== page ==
Transmission, Distribution, & Refining

Technologies to Enhance Operation of the Existing Natural Gas Compression Infrastructure

DE-FC26-02NT41646

The goal is to improve operation of integral engine/compressors by reducing fuel consumption, increasing capacity, and enhancing mechanical integrity, leading to increased reliability of the nation's natural gas transmission infrastructure.

Collage of 4 photos from Duke Energy Station showing Clark HBA Units

HBA Units at Duke Energy Station

Background:
This three-year project employed field testing, data acquisition, and data analysis to develop and evaluate a number of methodologies for balancing, operating and controlling the integral reciprocating engines/compressors used in pipeline gas transmission service. The primary approach was to test technologies that could balance the engine power cylinders and distribute load in the compressor cylinders in order to minimize fuel consumption, minimize damage rate, and maximize capacity. Alternative approaches such as peak-firing pressure balancing and standard deviation balancing were evaluated. Combinations of speed and compressor loading that minimize bending and torsional stress were evaluated using a model verified by crank strain measurements. To further control fuel consumption, the influence of compressor load distribution on trapped air fuel ratio through torsional vibration and its effect on port opening time was quantified and optimized for fuel flow.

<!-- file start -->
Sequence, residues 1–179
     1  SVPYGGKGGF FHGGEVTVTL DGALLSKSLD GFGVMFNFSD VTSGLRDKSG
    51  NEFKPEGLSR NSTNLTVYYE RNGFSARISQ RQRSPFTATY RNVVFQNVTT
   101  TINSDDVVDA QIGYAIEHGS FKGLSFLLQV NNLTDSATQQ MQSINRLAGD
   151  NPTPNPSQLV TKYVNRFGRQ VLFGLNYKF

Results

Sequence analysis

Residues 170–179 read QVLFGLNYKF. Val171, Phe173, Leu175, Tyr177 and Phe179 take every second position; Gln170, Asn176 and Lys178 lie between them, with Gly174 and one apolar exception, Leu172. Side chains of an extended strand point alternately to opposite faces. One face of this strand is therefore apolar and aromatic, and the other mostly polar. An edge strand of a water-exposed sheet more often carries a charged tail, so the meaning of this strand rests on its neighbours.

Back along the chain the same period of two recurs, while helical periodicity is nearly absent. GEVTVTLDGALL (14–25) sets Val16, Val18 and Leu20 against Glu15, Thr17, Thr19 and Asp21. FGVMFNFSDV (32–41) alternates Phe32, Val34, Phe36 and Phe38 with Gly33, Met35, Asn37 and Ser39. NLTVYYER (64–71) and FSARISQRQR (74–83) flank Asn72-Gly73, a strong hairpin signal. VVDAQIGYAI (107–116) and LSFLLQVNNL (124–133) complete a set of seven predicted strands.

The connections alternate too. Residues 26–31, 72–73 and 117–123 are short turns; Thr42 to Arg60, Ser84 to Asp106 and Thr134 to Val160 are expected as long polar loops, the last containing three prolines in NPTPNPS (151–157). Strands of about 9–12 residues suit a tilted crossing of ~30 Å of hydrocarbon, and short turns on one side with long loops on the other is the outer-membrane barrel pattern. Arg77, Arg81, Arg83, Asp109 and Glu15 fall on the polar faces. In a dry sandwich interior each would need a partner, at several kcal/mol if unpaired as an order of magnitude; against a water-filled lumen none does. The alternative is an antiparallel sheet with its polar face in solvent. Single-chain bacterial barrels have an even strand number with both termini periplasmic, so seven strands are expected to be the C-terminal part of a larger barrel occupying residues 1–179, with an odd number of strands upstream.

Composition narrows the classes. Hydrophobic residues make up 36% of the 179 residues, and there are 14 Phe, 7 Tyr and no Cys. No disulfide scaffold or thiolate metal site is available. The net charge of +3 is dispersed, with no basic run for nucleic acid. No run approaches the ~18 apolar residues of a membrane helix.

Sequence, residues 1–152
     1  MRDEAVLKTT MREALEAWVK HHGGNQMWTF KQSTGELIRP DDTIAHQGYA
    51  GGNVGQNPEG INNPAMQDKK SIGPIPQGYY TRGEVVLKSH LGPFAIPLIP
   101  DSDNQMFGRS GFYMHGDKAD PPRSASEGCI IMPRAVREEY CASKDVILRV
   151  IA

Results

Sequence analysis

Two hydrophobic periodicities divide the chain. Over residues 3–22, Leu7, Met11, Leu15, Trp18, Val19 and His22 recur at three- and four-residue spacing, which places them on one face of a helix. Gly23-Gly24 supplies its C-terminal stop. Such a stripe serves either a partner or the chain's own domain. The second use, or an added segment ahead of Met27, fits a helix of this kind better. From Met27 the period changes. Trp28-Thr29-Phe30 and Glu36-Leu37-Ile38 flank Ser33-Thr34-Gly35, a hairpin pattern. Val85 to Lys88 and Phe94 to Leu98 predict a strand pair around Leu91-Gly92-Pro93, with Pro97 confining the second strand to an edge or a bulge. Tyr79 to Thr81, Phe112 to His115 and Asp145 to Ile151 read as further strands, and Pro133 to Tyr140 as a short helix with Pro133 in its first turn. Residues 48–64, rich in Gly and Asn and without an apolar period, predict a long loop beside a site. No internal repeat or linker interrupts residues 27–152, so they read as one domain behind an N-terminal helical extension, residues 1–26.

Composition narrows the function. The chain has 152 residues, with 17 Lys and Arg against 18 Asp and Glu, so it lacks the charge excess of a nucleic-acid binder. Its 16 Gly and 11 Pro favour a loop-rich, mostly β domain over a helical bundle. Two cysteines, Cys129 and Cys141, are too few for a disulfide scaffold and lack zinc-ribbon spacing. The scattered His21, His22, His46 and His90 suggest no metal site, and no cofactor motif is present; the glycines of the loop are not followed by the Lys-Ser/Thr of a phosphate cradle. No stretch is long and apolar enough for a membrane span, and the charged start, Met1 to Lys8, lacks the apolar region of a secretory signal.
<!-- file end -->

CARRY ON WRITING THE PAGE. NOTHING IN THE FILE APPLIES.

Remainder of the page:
The field testing was designed to acquire uniquely comprehensive data sets using customized equipment and methodologies. The data acquired included crankshaft bending strain, cylinder pressure on the engine and compressor, fuel flow, instantaneous crankshaft rotational velocity, bearing centerline vibration and dynamic pressures in manifolds. Tests were carried out at six different gas transmission compressor station sites. A field data system was designed to concurrently acquire multiple channels of data, including dynamically variable pressure in both power and compression cylinders. The data was analyzed and hypotheses developed on methods to optimize operation and performance of integral engine/compressor units. These hypotheses were then tested during subsequent repeat visits to the test sites.

Performers:
Southwest Research Institute (SwRI) – project management and research products

Location: